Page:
Transhumanism either follows Transgenderism into the trap of emphasizing the mind at the expense of the body (Neo-Gnosticism or Technognosticism), or the body at the expense of the mind. While the two sides meet on the internet, in both cases you end up with a truncated vision of humanity.
Life extension technologies may seem harmless. After all, isn’t that the goal of medicine? And much of the research is in fact benign. But when it begins moving into gene editing and splicing, manipulating mitochondrial DNA, and the like, we are entering ethically questionable territory as discussed in an earlier article.
But the questions raised by life extension technologies go well beyond these ethical issues into areas of sociology and anthropology. Suppose we succeed and vastly extend human lifespans into the hundreds or thousands of years. Suppose we actually figure out a way to make people immortal. Who would have access to the technology—a question we could also ask about any other physical or intellectual augmentation? Do we create a master race that then dominates those who do not have the opportunity to benefit from the technology? Every new technology, if it survives, is adopted first by those with the money to afford it before economies of scale allow it to reach the masses; if we did develop these technologies, would they actually be shared and if so, who would pay?
And if we live forever (or close to it), what do we do about reproduction? Does it become illegal to have babies because of the problem of overpopulation? How does this change our relationships with other people? How does it change society and education? Does the evolutionary imperative to reproduce just vanish or do we need to sublimate it or provide a substitute? We already are producing robotic pets and baby dolls as companions for the elderly, not to mention sex bots, and these will only improve with AI. Does that become the future of families in a world where everyone lives for centuries or more?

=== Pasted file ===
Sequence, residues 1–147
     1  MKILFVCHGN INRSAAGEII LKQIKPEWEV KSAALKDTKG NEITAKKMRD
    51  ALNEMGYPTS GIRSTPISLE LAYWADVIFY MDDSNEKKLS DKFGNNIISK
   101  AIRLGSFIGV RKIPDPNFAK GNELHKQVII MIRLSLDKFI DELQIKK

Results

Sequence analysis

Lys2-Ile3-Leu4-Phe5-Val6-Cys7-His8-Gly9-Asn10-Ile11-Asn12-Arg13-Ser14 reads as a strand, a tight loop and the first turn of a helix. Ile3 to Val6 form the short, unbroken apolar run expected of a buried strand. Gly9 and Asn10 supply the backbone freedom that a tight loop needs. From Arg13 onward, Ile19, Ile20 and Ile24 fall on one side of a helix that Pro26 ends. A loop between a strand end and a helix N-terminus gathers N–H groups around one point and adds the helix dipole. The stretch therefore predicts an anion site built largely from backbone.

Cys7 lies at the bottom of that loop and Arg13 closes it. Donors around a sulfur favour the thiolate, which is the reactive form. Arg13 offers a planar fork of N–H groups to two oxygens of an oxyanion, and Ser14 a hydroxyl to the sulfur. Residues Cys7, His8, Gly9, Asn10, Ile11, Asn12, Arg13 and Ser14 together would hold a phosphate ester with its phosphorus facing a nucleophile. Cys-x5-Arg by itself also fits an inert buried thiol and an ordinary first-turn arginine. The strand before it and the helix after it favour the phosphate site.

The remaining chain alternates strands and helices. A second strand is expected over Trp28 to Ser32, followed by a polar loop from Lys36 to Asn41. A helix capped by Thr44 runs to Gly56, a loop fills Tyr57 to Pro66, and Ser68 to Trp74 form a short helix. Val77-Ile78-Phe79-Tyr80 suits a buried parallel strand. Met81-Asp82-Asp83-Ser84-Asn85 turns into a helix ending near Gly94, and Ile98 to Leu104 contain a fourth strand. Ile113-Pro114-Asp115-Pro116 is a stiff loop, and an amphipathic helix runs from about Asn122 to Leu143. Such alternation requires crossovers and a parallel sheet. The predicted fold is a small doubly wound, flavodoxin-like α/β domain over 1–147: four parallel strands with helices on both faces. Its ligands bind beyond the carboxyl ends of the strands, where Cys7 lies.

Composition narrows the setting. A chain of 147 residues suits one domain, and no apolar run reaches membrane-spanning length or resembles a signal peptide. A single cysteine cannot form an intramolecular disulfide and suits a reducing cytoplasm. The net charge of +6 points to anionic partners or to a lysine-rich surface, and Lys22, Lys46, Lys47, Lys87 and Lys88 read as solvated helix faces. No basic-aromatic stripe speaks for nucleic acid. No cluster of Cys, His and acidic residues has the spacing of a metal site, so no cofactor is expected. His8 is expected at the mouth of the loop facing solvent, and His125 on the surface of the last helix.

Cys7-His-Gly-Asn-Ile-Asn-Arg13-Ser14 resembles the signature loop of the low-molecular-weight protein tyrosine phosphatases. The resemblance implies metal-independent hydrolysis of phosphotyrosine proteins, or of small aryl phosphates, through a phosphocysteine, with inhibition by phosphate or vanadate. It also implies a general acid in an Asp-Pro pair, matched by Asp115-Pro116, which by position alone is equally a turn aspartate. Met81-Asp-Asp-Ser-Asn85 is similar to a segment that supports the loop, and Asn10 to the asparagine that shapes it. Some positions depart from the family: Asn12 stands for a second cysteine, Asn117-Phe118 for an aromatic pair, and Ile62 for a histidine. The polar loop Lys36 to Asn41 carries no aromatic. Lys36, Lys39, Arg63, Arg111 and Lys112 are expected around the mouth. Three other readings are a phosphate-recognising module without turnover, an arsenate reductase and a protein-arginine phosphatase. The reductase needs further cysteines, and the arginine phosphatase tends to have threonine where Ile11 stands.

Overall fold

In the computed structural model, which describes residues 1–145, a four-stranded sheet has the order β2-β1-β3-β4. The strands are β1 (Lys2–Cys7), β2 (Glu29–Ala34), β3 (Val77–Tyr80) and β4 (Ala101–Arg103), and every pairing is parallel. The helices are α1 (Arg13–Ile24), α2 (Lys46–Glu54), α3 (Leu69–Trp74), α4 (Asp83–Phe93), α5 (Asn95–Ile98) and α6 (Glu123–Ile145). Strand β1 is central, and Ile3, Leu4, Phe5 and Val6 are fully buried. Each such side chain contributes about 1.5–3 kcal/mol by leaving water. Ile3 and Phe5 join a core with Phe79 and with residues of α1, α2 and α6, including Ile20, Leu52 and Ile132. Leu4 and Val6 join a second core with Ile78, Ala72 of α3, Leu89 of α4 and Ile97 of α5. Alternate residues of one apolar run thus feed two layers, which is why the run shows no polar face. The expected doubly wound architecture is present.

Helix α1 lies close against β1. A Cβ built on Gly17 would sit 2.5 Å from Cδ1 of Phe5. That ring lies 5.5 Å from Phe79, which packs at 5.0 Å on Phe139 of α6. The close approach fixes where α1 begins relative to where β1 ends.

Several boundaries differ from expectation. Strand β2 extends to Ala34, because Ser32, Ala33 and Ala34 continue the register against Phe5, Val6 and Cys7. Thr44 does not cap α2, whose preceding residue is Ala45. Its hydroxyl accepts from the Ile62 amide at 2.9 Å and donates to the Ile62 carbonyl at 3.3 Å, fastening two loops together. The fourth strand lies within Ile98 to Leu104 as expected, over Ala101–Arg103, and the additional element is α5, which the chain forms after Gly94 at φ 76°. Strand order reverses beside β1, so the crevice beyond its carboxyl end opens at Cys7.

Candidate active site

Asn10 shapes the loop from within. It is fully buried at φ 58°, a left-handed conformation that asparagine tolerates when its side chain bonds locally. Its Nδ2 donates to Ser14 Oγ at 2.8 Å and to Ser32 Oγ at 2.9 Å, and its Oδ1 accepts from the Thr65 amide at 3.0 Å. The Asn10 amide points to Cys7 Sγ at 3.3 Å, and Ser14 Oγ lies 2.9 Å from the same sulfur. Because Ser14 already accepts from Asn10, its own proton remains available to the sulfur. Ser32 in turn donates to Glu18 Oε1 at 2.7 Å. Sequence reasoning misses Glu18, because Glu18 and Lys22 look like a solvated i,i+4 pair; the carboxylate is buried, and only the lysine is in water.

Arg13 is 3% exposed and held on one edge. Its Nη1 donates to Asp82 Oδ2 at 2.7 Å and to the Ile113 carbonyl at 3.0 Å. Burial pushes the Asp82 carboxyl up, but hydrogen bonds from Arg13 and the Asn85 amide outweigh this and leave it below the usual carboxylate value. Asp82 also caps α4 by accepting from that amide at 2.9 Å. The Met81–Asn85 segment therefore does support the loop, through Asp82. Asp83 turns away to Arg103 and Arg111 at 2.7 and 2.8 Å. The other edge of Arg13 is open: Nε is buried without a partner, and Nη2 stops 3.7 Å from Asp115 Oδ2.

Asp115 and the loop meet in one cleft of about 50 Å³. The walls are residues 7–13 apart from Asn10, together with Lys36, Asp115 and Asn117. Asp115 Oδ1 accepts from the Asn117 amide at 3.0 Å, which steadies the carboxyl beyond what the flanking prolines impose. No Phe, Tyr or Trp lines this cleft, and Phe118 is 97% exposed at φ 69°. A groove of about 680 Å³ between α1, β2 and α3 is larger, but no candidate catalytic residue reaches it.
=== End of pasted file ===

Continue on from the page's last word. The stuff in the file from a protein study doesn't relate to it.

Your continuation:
The problems raised by Immortalism and other forms of technological enhancement are legion, and they all come from a defective metaphysics, the resulting defective view of humanity, and a scientism that for the most part argues that if we can do something we should. The arrogance of those who believe we can take control of our own evolution, as if we knew enough to understand all the implications of our actions, is nothing short of breathtaking.
The specter of overpopulation in the world of Immortalism is a good transition to Technogaianism, an environmental movement that looks to use technology and genetic engineering to reduce humanity’s impact on the world. It fits broadly into an environmentally based worldview that we will discuss in the next article.